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Diabetes Predicts 10-Year Bone Fracture Risk
Diabetics were also less likely to receive bisphosphonate treatment.
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Monday, Sept. 19, 2011 (MedPage Today) -- SAN DIEGO —
Diabetes is a significant predictor of fracture risk, independent of
conventional risk factors, Canadian researchers said here at the annual meeting
of the American Society for Bone and Mineral Research.
After controlling for age, sex, osteoporosis medications, bone mineral density (BMD), and
other factors, diabetes was significantly associated with an increased risk of
major osteoporotic fracture during the subsequent ten years, Lora Giangregorio,
PhD, of the University of Waterloo in Ontario, reported.
Recent studies have suggested a possible link between diabetes and elevated
To explore this, Giangregorio's group analyzed data from a large database in
Manitoba that included 3,518 individuals with diabetes and 36,085 without
Fracture risk was calculated according to the World Health Organization's
FRAX tool, which rates risk according to a number of factors such as age, sex,
height and weight, smoking, glucocorticoid use, and personal or parental history
of hip fracture.
Diabetes is not currently included in the FRAX group of risk factors, she
The tool also can calculate an individual's probability of future fracture
as being low, with a risk below 10 percent; moderate, with a risk between 10
percent and 20 percent; and high, with a risk exceeding 20 percent.
At baseline, more of the diabetics were men. They also were older, had
higher BMIs, and were more likely to have chronic obstructive pulmonary
disease and to be taking glucocorticoid medications.
"Despite all these risk factors, fewer of those with diabetes were receiving
osteoporosis medications," Giangregorio said.
Mean probabilities of fracture before controlling for risk factors were
similar for diabetics and nondiabetics for major fractures and hip
However, after adjustment for clinical and FRAX risk factors, the FRAX
probability risk was higher among diabetics, the researchers reported.
On Kaplan-Meyer analysis, the ten-year probability of fracture was
significantly higher among the patients with diabetes, with a difference in the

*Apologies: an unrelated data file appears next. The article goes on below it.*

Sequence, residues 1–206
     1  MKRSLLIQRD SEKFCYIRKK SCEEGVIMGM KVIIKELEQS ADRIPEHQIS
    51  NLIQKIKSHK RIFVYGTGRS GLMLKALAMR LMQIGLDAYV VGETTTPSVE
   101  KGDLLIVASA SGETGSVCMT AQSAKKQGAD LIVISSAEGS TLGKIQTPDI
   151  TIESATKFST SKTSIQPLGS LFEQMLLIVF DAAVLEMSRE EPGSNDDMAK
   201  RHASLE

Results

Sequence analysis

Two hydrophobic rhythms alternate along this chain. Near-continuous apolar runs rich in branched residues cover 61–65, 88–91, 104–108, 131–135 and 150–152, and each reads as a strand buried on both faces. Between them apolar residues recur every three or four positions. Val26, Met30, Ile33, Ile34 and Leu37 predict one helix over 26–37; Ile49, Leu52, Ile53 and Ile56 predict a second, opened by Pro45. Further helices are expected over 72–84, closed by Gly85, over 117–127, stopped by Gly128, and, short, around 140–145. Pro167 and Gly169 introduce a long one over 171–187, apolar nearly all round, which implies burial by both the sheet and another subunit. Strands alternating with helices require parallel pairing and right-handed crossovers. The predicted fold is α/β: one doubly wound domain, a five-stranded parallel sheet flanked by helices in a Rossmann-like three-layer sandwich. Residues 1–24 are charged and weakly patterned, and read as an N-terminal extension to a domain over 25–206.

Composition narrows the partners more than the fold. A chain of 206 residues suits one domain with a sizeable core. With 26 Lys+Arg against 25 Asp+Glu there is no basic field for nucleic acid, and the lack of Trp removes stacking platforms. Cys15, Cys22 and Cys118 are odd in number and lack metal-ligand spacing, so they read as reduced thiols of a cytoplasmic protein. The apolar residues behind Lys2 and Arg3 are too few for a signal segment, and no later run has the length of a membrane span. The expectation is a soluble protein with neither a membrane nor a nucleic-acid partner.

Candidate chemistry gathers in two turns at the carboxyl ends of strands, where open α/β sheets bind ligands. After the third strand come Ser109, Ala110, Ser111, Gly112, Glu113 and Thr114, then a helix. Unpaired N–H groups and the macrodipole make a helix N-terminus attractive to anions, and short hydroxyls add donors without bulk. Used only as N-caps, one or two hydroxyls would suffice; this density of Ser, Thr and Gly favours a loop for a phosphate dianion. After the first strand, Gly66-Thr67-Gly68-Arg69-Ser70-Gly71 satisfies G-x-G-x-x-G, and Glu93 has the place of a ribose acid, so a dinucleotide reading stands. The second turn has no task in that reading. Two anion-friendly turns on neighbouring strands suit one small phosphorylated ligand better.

fracture-free survival curves already evident early in the study and continuing
There also was a higher mortality risk among the diabetic group, which
"attenuated the risk for fracture, but did not eliminate it," she said.
There were no significant interactions between diabetes and age, sex, or
femoral neck BMD for major osteoporotic fracture.
However, a significant interaction was seen for age and diabetes on risk for
hip fracture, with diabetes being a stronger predictor for individuals younger
The number of fractures in the below-65 group was small, though, so this
interaction should be viewed cautiously, Giangregorio said.
When they looked at concordance between the three levels of probability of
fracture, they found good concordance for the group without diabetes.
But in the group with diabetes the curves shifted upward, indicating that
FRAX underestimated risk for both major osteoporotic fracture and hip fracture,
"In future iterations of the FRAX tool, consideration might be given to
adding diabetes to the list of risk factors," she said.
In their analysis, the researchers did not distinguish between type 1 and
type 2 diabetes, which they acknowledged was a limitation of the study.
A second Canadian study presented in a poster session also found that
patients with diabetes were less likely than nondiabetics to receive treatment
with a bisphosphonate, even though they were more likely to have a history of
In presenting her findings, lead author Lisa-Ann Fraser, MD, of the
University of Western Ontario-McMaster University in Ontario noted that both
type 1 and 2 diabetes were associated with fractures.
Type 1 diabetes is associated with changes in bone structure, which results
in a decrease in BMD and an increase in the associated risk factors, she
explained to MedPage Today. The mechanism in type 2 diabetes is less
clear, Fraser said.
Last Updated: 09/20/2011